PRIESTS and churches are being targeted in a crackdown by the military government in Myanmar (Burma): there have been shootings and arrests of clergy, and buildings in Christian areas have been burned.
The UN and other groups have warned of a build-up of troops on the borders of Chin state, in the north-west of the country. The Burma Human Rights Network said that the build-up of government troops, the Tatmadaw, would lead to “mass death and suffering”, and called on the international community to act urgently to prevent “genocide or ethnic cleansing”.
There are fears that a similar crackdown as occurred in 2017 against Rohingya Muslims in Rakhine state (News, 17 November 2017) is under way. More than one million Rohingya fled over the border into Bangladesh, where they still remain in refugee camps.
The senior analyst for east Asia at Christian Solidarity Worldwide, Benedict Rogers, said: “So far, the human-rights community’s repeated calls for action regarding the ongoing crisis in Myanmar have met with disappointingly insufficient action. Verbal condemnations and the sanctions imposed on the Tatmadaw thus far are welcome, but there remains a need to take this further, including through the establishment of a global arms embargo as a matter of urgency.”
Human-rights groups have written to the UN secretary-general, António Guterres, calling on him to address violations of the right to freedom of religion or belief in Myanmar since the military coup in February.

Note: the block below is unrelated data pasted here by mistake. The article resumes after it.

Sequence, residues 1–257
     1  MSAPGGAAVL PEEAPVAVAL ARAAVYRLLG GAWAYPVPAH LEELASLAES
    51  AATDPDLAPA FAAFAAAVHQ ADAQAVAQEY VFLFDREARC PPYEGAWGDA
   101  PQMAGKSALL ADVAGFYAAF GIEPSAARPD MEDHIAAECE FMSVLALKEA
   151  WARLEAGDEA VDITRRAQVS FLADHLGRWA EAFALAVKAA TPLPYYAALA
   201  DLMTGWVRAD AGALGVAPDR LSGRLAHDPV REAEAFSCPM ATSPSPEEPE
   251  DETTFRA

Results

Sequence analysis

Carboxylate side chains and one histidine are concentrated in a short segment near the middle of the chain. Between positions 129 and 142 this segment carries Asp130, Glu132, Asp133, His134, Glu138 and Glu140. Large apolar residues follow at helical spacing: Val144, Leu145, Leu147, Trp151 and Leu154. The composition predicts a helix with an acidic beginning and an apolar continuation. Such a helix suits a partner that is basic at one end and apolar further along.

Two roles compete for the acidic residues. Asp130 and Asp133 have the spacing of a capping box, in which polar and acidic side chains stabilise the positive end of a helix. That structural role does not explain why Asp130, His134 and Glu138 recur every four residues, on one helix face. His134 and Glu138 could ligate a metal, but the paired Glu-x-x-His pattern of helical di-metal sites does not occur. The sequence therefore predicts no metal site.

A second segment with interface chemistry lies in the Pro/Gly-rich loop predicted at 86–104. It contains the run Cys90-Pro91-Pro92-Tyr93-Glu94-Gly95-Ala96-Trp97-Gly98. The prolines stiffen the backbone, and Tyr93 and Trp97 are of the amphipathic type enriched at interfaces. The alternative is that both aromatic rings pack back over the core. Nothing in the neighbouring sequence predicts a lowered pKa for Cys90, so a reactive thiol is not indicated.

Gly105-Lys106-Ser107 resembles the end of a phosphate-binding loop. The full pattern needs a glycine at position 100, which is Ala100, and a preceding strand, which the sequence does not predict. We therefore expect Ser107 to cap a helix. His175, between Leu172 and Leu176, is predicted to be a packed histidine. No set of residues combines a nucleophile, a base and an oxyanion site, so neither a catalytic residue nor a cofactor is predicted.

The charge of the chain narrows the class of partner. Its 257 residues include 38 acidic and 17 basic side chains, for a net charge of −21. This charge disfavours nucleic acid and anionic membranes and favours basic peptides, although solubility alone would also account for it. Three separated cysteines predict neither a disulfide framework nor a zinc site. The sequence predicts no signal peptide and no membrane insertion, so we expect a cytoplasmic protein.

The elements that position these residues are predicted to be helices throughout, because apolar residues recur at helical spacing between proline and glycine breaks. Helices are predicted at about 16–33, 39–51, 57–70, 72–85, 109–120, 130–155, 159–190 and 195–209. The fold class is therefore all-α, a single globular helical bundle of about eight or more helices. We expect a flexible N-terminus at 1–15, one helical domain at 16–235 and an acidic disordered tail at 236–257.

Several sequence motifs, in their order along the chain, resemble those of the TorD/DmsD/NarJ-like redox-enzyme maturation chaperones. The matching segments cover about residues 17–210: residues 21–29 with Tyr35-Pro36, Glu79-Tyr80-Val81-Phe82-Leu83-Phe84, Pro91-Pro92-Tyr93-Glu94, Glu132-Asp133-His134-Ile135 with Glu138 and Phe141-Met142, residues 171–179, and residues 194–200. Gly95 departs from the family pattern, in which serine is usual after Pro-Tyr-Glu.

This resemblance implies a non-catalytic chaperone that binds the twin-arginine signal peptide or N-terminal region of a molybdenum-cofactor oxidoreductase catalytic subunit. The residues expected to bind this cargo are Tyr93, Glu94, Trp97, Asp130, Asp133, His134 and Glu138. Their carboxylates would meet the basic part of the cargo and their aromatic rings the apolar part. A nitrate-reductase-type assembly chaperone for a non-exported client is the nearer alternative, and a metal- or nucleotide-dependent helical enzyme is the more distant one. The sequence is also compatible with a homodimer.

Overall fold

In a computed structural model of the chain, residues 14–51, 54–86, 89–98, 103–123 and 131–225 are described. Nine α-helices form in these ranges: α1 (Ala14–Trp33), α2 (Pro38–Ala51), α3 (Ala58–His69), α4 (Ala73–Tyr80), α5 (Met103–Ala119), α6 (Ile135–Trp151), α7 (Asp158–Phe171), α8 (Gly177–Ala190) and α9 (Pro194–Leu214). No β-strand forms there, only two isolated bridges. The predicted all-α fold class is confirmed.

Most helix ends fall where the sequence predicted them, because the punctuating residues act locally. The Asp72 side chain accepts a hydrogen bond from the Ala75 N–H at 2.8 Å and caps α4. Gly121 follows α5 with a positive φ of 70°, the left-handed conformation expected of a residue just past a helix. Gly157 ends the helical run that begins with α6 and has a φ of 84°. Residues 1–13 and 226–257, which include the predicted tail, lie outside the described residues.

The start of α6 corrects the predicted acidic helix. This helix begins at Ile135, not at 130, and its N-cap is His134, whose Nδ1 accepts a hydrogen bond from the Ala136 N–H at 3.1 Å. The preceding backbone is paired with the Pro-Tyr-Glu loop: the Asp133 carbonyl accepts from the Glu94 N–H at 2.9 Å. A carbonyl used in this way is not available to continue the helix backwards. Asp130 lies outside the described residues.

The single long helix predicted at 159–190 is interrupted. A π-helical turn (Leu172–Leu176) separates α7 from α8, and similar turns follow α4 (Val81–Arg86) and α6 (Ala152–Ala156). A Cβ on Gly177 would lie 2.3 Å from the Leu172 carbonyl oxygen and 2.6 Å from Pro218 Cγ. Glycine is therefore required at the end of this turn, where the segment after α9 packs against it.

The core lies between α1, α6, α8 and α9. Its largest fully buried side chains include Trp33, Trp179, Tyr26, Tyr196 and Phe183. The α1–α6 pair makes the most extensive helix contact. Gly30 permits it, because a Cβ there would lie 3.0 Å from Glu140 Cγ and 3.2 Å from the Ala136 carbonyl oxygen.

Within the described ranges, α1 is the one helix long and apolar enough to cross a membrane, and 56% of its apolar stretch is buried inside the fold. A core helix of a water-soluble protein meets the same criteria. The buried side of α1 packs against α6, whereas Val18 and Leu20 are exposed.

Their letter refers to a rise in hate speech against Christians and Muslims, and raises the cases of the Baptist pastor Cung Biak Hum, who was shot dead on 18 September (News, 24 September); Pastor Thian Lian Sang, who is currently in custody after his arrest on 16 September; and the Mohnyin and Butaryone street mosques, both of which were raided on 3 June.
Protests against the coup have continued, and thousands of protesters have been imprisoned.
The UN’s outgoing envoy to Myanmar, Christine Schraner Burgener, said that the country had now spiralled into civil war, and the military had no interest in compromise or dialogue. Comments from the junta itself bear this out.
Three million people are believed to be in urgent need of humanitarian assistance in Myanmar, because of the fighting, the Covid pandemic, and natural disasters, including flooding in the region.
Roman Catholics in Myanmar have been urged to speak out by the president of the Catholic Bishops’ Conference there, Cardinal Charles Bo.
Although it was a “challenging time” to speak out, he said, “silence can be criminal in times when evil chose to dance in the streets. . .
“The Church of Myanmar needs to move to highways and byways; to the jungles of displaced people, the homes of the unending laments, in remote villages of anxious poor hiding to protect their children from untimely death. And even to those who chose the path of evil: the Pope says ‘no one excluded’, giving the enemy the benefit of humanity.”
Seven staff members of Caritas, the bishops’ charity organisation, have been arrested while distributing humanitarian aid in Kayah state, in the south-east, Vatican News reported. A Roman Catholic church was also attacked — the seventh since the military takeover. Kayah, a remote and mountainous state, is the Church’s stronghold in the country, which has a Buddhist majority, and Roman Catholics constitute 90,000 of the state’s population of 355,000.
In Chin state, on Myanmar’s border with India, 85 per cent of the 478,000 population are Christian.